Forbes also looked at the 15 richest fictional characters, from C. Montgomery Burns and Scrooge McDuck to Jed Clampett and Bruce Wayne. All told, these 1 percenters have enough money to provide everyone on the planet with $30.
Speaking of Bruce Wayne, check out this viral “Wanted” campaign to tease the upcoming installment of the Batman franchise, “The Dark Knight Rises.”
If we could actually cash in on the money Batman and his wealthy pals hold, I’d donate my $30 to fund a new Obama campaign mantra. Judging by the response to his new reelection slogan, “Forward,” I’d guess our President wishes he could rewind and do it over. At least he has the First Dog on the trail, too.
It would be best for you to also rewind if this cartoon by Rob Cottingham is anything remotely close to what you think of when it comes to “pinning.” As it says, “YOU’RE DOING IT WRONG.”
And if you’re not using Twitter in these five ways to make the online network your most powerful social media tool—such as pocketing the best articles you notice in your feed to save and return to later—than you’re doing it wrong, too.
As for Facebook, inspired by dinners with his med-student girlfriend and a friendship with late Apple founder Steve Jobs—whose life was extended by a liver transplant—CEO Mark Zuckerbergintroduced an organ donor option to the users Timeline.
Facebook walls aside, it was a paint project on Carrol Caldwell’s real walls and her passion for typography that inspired the graphic designer to launch her startup Wall Words. OPEN Forumshares her story as well as her keys to success. New businesses might want to consider these tips.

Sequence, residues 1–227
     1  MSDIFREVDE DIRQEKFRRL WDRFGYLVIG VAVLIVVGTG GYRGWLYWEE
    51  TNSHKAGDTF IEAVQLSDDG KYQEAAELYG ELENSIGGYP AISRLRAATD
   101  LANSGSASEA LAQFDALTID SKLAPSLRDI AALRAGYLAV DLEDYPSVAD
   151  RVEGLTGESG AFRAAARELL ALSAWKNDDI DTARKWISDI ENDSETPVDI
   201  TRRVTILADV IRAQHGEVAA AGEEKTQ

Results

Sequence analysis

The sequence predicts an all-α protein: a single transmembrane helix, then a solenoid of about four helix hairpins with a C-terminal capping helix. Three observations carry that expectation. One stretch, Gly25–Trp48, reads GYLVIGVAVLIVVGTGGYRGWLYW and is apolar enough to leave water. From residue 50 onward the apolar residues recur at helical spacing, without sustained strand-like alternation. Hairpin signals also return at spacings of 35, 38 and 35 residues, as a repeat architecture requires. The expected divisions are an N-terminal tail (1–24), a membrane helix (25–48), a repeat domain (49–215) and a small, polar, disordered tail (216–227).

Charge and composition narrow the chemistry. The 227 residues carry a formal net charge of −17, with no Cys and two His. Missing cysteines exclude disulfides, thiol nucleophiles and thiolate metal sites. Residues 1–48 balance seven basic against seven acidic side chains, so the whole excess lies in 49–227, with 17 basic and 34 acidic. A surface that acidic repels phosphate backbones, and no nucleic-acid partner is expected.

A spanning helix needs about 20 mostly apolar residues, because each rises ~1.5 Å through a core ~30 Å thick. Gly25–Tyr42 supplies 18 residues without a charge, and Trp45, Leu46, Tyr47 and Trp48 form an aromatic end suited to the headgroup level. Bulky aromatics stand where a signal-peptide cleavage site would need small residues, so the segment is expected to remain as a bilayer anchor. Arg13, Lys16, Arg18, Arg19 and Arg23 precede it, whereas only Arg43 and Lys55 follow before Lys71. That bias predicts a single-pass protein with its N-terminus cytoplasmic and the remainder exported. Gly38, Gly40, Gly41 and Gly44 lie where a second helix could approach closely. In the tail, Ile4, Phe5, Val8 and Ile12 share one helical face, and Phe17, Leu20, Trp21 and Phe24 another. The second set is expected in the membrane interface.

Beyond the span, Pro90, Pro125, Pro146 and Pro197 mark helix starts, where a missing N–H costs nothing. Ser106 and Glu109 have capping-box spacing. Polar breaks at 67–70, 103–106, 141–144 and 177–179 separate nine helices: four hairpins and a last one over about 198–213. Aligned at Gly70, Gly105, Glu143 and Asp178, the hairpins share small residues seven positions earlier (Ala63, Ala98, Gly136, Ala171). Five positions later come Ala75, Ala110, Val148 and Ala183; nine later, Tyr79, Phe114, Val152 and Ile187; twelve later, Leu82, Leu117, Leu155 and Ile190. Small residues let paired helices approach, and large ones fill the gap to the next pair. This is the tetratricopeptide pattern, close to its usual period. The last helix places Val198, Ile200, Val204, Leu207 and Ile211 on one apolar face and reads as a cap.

Meanwhile, Advertising Age is sharing the story of celebrities who got their start in commercials or the business side of the ad industry. According to the story, adland might be the fast track to fame.
For those interested in the fast track to inebriation, Anheuser Busch is stopping at nothing to push its Bud Light Lime brand (Lime-A-Rita) on thirsty consumers—and it’s just in time for Cinco de Mayo.Guyism compares its product positioning in the marketplace to “the Crayola crayon box you had as a kid which contained both ‘yellow-green’ and ‘green-yelllow.’” Basically, it’s confusing.
I don’t know how to describe Jay-Z’s design for the debut logo of Brooklyn Nets, but judging from its black and white colors, comparing it to a box of crayons probably won’t do the trick.
Perhaps Mr. Z could consult little Blue Ivy on her impressions of Dad’s creation. According to Dr. Elizabeth Spelke, a self-professed studier of babies, infants and toddlers are quite clued in to their visual surroundings.